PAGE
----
Wallis v. Hornbeck Offshore Operators, L.L.C. et al, No. 2:2012cv00536 - Document 139 (E.D. La. 2014)

Court Description: ORDER AND REASONS denying 84 Motion in Limine; denying 85 Motion in Limine; denying 87 Motion in Limine; denying 88 Motion in Limine; denying 93 Motion in Limine; denying 94 Motion in Limine; denying 96 Motion in Limine; denying 99 Motion in Limine. Signed by Judge Susie Morgan. (Reference: 12-536)(bwn)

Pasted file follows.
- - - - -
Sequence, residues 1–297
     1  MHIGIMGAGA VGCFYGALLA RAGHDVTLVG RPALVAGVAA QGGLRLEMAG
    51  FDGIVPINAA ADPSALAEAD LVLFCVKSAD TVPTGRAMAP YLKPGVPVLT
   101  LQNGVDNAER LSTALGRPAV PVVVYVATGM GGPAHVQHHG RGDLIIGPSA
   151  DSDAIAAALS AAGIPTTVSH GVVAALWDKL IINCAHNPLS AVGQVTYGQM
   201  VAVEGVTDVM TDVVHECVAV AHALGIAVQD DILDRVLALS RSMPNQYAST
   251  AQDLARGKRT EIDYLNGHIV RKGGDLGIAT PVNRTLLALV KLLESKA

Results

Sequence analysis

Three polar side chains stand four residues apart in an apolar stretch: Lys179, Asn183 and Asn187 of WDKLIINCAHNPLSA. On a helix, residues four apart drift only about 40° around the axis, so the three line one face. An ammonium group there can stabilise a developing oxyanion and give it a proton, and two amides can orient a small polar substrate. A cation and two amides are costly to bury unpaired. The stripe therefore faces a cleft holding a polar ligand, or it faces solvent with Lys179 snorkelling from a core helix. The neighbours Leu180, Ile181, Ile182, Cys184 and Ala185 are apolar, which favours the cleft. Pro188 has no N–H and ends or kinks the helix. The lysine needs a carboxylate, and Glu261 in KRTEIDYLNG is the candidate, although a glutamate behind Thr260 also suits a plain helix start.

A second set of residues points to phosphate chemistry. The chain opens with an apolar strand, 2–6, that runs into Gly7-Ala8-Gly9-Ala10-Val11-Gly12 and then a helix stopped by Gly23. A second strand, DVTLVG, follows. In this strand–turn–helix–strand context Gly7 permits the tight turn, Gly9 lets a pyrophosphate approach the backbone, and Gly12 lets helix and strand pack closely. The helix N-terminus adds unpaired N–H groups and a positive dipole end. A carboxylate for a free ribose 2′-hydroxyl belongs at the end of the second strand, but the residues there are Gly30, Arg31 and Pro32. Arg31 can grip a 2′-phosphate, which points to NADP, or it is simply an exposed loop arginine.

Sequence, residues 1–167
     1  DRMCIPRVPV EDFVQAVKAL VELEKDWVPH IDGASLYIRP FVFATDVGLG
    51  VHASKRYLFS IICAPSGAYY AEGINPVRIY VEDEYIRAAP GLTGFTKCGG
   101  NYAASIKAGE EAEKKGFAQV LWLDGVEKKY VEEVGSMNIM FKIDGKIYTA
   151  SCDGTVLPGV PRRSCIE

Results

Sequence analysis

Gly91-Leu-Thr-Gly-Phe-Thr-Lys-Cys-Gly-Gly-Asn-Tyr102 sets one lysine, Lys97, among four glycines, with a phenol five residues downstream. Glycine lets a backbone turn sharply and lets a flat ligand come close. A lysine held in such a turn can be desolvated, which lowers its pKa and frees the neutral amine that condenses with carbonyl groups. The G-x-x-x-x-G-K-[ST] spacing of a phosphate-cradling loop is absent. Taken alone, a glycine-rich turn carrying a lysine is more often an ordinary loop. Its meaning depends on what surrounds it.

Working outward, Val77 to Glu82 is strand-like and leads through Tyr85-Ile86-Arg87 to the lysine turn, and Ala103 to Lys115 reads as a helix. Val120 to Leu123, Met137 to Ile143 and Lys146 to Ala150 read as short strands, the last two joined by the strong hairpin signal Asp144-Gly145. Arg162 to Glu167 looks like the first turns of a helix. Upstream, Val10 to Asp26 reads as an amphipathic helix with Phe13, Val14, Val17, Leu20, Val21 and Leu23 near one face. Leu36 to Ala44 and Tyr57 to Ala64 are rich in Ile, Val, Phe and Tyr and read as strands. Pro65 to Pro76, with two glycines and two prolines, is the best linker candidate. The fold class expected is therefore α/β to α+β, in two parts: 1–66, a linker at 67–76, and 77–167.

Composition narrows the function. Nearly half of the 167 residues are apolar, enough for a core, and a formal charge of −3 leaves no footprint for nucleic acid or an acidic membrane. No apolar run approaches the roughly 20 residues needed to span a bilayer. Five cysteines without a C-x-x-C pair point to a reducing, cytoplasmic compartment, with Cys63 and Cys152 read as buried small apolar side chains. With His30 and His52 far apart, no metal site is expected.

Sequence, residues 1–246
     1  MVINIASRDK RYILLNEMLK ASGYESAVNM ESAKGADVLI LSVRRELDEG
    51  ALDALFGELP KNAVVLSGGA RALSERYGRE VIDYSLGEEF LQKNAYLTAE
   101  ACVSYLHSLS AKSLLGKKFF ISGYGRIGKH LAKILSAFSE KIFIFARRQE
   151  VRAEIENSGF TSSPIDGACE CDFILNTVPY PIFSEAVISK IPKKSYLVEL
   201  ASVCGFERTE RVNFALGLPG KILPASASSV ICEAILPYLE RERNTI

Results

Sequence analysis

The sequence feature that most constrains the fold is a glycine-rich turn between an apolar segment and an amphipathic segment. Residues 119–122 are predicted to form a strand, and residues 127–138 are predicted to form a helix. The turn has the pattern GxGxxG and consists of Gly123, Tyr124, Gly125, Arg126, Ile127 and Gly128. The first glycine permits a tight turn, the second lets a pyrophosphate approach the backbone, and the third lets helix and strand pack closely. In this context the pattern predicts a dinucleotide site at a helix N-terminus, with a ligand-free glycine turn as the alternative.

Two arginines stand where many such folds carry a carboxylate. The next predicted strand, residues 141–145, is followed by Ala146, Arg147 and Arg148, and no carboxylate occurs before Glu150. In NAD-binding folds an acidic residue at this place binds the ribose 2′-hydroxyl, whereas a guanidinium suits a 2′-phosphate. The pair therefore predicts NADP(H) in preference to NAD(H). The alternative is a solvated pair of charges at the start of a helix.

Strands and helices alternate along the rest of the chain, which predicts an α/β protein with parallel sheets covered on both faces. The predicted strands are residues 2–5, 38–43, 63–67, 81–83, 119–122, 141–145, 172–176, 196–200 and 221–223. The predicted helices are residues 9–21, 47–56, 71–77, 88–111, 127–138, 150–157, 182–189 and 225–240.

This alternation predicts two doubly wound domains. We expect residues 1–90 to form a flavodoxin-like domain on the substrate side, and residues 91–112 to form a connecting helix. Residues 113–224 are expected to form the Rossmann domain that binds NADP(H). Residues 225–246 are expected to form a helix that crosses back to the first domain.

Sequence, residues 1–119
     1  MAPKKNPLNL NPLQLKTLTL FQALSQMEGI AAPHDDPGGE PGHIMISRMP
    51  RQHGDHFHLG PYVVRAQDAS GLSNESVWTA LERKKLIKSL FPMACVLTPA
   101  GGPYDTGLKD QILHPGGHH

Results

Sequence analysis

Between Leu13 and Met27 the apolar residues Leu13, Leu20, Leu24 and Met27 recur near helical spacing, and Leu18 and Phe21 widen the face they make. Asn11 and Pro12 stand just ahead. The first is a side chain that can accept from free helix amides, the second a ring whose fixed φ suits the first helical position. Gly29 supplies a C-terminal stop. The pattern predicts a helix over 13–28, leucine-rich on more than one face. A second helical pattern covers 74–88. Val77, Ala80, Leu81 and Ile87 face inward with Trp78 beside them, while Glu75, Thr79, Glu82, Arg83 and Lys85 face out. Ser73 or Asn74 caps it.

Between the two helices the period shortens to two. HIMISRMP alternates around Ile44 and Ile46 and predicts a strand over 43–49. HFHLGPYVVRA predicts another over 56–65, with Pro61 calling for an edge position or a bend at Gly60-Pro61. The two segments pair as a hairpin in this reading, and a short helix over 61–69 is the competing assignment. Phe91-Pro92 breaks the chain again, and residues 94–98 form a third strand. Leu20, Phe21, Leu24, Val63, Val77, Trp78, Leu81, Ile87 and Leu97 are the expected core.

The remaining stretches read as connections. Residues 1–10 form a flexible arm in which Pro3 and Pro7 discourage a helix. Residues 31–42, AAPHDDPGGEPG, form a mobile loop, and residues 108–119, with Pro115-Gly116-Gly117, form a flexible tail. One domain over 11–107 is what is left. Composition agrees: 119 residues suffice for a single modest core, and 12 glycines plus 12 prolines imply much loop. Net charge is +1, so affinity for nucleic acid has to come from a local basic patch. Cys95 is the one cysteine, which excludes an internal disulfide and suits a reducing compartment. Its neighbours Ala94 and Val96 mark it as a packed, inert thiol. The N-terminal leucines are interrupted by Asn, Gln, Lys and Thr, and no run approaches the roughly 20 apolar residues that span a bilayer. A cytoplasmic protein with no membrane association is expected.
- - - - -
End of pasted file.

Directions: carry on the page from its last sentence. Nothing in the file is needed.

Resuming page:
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Wallis v. Hornbeck Offshore Operators, L.L.C. et al Doc. 139 UNITED STATES DISTRICT COURT EASTERN DISTRICT OF LOUISIANA LARIAN WALLIS, CIVIL ACTION Plaintiff VERSUS NO. 12-536 HORNBECK OFFSHORE OPERATORS, et al. SECTION "E" Defendants ORDER AND REASONS The Court has pending before it an excess of motions to strike expert testimony. Plaintiff moves to exclude: (1) Dr. Mariusz Ziejewski, a biomechanics expert,1 (2) Captain Richard L. Frenzel, a liability expert,2 (3) Carla D. Seyer, a vocational rehabilitation expert,3 and (4) Kenneth J. Boudreaux, an economist.4 Royal Eagle moves to exclude G. Randolph Rice, an economist.5 Hornbeck move to exclude Thomas J. Meunier, Jr., a vocational rehabilitation expert.6 Both Royal Eagle and Hornbeck filed separate motions to exclude Geoff Webster and Steve Nolte, liability experts.7 The Court has reviewed the motions and denies them all.8 Plaintiff was a seaman employed by Royal Eagle, a supplier of riggers to offshore vessels. Royal Eagle supplied Plaintiff to work as a rigger aboard a vessel owned by Defendant Hornbeck Offshore Trinidad and Tobago, L.L.C., and operated by Defendant 1 2 3 4 5 6 7 8 R. Doc. 87. R. Doc. 88. R. Doc. 94. R. Doc. 96. R. Doc. 85. R. Doc. 99. R. Docs. 84, 93. Two other motions to exclude expert testimony will be addressed in a separate order and reasons. 1 Dockets.Justia.com Hornbeck Offshore Services, L.L.C. (collectively, "Hornbeck"). While asleep on Hornbeck's vessel, Plaintiff allegedly rolled out of a top bunk and injured his back. Plaintiff filed suit against Royal Eagle and Hornbeck, alleging their negligence caused his injuries. The Federal Rules of Evidence permit an expert witness with “scientific, technical or other specialized knowledge” to testify if such testimony “will help the trier of fact to understand the evidence or to determine a fact in issue,” so long as “the testimony is based upon sufficient facts or data," "the testimony is the product of reliable principles and methods," and "the expert has reliably applied the principles and methods to the facts of the case.” Fed. R. Evid. 702. The party offering the expert opinion must show by a preponderance of the evidence that the expert’s testimony satisfies Rule 702. Mathis v. Exxon Corp., 302 F.3d 448, 459-60 (5th Cir. 2002). Courts, as “gatekeepers,” are tasked with making a preliminary assessment whether expert testimony is both reliable and relevant. See Pipitone v. Biomatrix, Inc., 288 F.3d 239, 243-44 (citing Daubert v. Merrell Dow Pharm., Inc., 509 U.S. 579, 592-93 (1993)). But "[m]ost of the safeguards provided for in Daubert are not as essential in a case such as this where a district judge sits as the trier of fact in place of a jury." Gibbs v. Gibbs, 210 F.3d 491, 500 (5th Cir. 2000). As a general rule, questions relating to the bases and sources of an expert’s opinion affect the weight of the evidence rather than its admissibility, and should be left for the finder of fact. See Primrose Operating Co. v. Nat’l Am. Ins. Co., 382 F.3d 546, 562 (5th Cir. 2004). Thus, "'[v]igorous cross-examination, presentation of contrary evidence, and careful instruction on the burden of proof are the traditional and appropriate means of attacking shaky but admissible evidence.'" Pipitone, 288 F.3d at 2 250 (quoting Daubert, 509 U.S. at 596). The Court is not concerned with whether the opinion is correct, but whether the preponderance of the evidence establishes that the opinion is reliable. See Johnson v. Arkema, Inc., 685 F.3d 452, 459 (5th Cir. 2012). "It is the role of the adversarial system, not the court, to highlight weak evidence." Primrose, 382 F.3d at 562. The Court has reviewed the motions and finds no basis to exclude any expert from testifying at the upcoming bench trial. With respect to the motions challenging economists and vocational rehabilitation experts, the parties merely dispute the premises and assumptions utilized by the experts. These critiques can be addressed on cross-examination in light of the factual record developed at trial. If the facts as found by the Court do not support any expert's assumptions regarding Plaintiff's earnings history or other matters, the Court will accordingly disregard those opinions as irrelevant. The motions9 are denied. With respect to the motion to exclude Defendants' biomechanics expert, Plaintiff moves to exclude Dr. Ziejewski because he offers a "medical causation" opinion.10 This assertion is not supported by the present record; it appears from his report that Dr. Ziejewski opines based on his experience and expertise regarding the biomechanical impossibility of Plaintiff's account of the alleged fall without venturing into testimony requiring qualification as a medical doctor. Plaintiff's other complaints regarding his opinions can be addressed through cross-examination. The motion is denied. Finally, the motions to exclude Plaintiff's liability experts Geoff Webster and Steve Nolte11 and the motion to exclude Defendant's liability expert Richard Frenzel are 9 10 11 R. Docs. 85, 94, 96, 99. R. Doc. 87. R. Docs. 84, 93. Webster and Nolte issued a joint expert report, R. Doc. 93-10, and both are listed 3 denied at this time.12 The Court does not imply that each of these witnesses is qualified to offer every opinion in their respective reports, or that every opinion will be admitted at trial or given any weight by the Court. At trial, the Court will apply the Rules of Evidence and, for example, exclude testimony which does nothing more than offer legal conclusions, see Francois v. Diamond Offshore Co., 2013 WL 1654635, at *2 (E.D. La. Feb. 21, 2013), or which expressly vouches for the credibility of a witness, see United States v. Moore, 997 F.2d 55, 59 (5th Cir. 1993). The Court also will apply common sense and will ignore unhelpful and conclusory opinions regarding ultimate issues of fact. But because this is a bench trial in which the Court will not base its written findings of fact and conclusions of law on inadmissible evidence, the Court declines to exclude these witnesses categorically at this time. See Government of Canal Zone v. Jimenez G., 580 F.2d 897, 898 (5th Cir. 1978). For the foregoing reasons, the pending motions to exclude are DENIED. New Orleans, Louisiana, this 1st day of August, 2014 ___________________________ SUSIE MORGAN UNITED STATES DISTRICT JUDGE in Plaintiff's amended witness and exhibit list, R. Doc. 79 at 5. 12 R. Doc. 88. 4